27 March 2020
IFRS 9 and covid-19
Accounting for expected credit losses applying IFRS 9 Financial Instruments in the light of current uncertainty resulting from the covid-19 pandemic.
This document is intended to support the consistent application of requirements in IFRS® Standards.
IFRS 9 sets out a framework for determining the amount of expected credit losses (ECL) that should be recognised. It requires that lifetime ECLs be recognised when there is a significant increase in credit risk (SICR) on a financial instrument. However, it does not set bright lines or a mechanistic approach to determining when lifetime losses are required to be recognised. Nor does it dictate the exact basis on which entities should determine forward-looking scenarios to consider when estimating ECLs.
IFRS 9 requires the application of judgement and both requires and allows entities to adjust their approach to determining ECLs in different circumstances. A number of assumptions and linkages underlying the way ECLs have been implemented to date may no longer hold in the current environment. Entities should not continue to apply their existing ECL methodology mechanically. For example, the extension of payment holidays to all borrowers in particular classes of financial instruments should not automatically result in all those instruments being considered to have suffered an SICR.
To assess SICR IFRS 9 requires that entities assess changes in the risk of a default occurring over the expected life of a financial instrument. Both the assessment of SICRs and the measurement of ECLs are required to be based on reasonable and supportable information that is available to an entity without undue cost or effort.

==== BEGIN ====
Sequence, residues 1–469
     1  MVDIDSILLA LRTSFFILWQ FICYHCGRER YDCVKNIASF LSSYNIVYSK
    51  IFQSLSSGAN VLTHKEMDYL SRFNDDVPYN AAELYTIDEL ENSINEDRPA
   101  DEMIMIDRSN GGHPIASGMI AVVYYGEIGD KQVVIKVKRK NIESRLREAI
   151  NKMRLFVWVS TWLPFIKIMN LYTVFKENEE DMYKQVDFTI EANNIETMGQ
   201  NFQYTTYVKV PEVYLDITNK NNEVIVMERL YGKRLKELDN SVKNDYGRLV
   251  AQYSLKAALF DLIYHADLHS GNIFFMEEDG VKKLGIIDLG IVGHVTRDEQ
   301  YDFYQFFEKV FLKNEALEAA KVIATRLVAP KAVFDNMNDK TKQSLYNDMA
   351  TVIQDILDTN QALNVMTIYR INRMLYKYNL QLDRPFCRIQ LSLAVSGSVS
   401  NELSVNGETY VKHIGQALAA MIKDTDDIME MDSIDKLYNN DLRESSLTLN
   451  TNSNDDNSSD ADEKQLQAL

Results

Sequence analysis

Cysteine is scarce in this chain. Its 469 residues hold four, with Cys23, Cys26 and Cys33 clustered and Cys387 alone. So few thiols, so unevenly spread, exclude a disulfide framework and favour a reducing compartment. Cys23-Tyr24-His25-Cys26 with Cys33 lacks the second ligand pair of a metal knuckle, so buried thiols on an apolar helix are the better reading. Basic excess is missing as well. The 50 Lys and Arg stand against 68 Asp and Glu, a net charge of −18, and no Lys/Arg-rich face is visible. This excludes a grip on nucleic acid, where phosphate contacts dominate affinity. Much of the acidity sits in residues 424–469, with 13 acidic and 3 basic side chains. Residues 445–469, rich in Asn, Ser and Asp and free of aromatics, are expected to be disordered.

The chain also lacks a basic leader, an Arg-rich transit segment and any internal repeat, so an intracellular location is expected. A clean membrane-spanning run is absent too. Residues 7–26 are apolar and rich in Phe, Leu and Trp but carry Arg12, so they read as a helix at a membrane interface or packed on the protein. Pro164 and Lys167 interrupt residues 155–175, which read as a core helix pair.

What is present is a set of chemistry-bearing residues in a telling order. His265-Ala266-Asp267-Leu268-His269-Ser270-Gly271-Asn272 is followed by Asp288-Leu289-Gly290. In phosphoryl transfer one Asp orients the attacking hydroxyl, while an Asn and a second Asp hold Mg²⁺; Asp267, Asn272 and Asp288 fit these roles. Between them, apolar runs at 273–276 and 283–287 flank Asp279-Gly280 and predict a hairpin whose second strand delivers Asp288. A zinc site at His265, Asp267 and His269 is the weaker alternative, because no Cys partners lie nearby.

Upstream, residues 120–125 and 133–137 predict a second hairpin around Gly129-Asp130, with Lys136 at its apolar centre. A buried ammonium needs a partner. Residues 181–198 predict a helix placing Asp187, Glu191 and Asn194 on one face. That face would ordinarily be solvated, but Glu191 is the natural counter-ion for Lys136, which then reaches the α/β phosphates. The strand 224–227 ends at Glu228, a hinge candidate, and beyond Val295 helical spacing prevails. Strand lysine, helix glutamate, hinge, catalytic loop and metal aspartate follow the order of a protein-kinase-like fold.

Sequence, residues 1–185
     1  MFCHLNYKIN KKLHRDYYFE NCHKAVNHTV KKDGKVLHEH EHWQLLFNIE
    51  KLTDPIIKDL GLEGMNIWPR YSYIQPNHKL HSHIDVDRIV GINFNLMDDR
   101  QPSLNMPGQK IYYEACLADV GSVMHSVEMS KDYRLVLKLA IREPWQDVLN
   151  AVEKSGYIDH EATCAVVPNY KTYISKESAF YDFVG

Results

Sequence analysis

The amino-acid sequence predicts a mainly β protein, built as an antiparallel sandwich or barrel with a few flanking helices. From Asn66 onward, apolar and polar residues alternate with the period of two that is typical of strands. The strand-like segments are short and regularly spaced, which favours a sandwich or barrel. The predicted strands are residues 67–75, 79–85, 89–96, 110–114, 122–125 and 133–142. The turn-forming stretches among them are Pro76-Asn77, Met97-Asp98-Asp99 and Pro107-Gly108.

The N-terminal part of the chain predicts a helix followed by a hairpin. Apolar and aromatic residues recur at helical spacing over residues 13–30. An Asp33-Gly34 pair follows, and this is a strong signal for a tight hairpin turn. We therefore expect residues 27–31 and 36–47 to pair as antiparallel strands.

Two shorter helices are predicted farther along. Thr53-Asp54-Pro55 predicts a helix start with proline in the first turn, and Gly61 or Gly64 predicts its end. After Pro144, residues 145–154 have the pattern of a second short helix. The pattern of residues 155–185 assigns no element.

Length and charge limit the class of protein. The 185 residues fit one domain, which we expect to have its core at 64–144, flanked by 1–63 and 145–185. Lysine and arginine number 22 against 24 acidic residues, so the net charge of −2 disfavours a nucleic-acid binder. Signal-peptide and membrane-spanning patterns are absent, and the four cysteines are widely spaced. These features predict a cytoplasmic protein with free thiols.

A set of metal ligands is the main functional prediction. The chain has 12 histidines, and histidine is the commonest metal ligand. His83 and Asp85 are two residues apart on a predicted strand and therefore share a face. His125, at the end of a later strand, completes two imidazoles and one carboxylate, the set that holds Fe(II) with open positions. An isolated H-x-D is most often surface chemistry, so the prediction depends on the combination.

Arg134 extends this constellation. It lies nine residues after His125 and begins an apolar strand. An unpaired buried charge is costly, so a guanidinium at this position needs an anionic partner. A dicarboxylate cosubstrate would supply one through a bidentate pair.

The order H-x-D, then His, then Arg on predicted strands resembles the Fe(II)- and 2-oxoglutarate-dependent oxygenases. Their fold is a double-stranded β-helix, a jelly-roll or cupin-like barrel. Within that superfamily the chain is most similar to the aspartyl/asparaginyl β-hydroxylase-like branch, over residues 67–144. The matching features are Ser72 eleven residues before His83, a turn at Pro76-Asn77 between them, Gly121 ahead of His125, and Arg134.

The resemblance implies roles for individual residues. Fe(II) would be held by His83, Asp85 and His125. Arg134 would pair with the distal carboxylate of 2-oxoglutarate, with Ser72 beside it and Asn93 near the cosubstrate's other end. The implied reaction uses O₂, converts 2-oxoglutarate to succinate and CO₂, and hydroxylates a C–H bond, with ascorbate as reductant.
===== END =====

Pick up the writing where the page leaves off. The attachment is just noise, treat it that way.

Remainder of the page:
Entities are required to develop estimates based on the best available information about past events, current conditions and forecasts of economic conditions. In assessing forecast conditions, consideration should be given both to the effects of covid-19 and the significant government support measures being undertaken.
It is likely to be difficult at this time to incorporate the specific effects of covid-19 and government support measures on a reasonable and supportable basis. However, changes in economic conditions should be reflected in macroeconomic scenarios applied by entities and in their weightings. If the effects of covid-19 cannot be reflected in models, post-model overlays or adjustments will need to be considered. The environment is subject to rapid change and updated facts and circumstances should continue to be monitored as new information becomes available.
Although current circumstances are difficult and create high levels of uncertainty, if ECL estimates are based on reasonable and supportable information and IFRS 9 is not applied mechanistically, useful information can be provided about ECLs. Indeed, in the current stressed environment, IFRS 9 and the associated disclosures can provide much needed transparency to users of financial statements.
We have been closely engaged with many prudential and securities regulators and others regarding the application of IFRS 9 in the context of the covid-19 pandemic. Several prudential and securities regulators have published guidance commenting on the application of IFRS 9 in the current environment (including the European Banking Authority, the European Central Bank, the European Securities and Market Authority, the Prudential Regulation Authority and the Malaysian Accounting Standards Board). We encourage entities whose regulators have issued guidance to consider that guidance.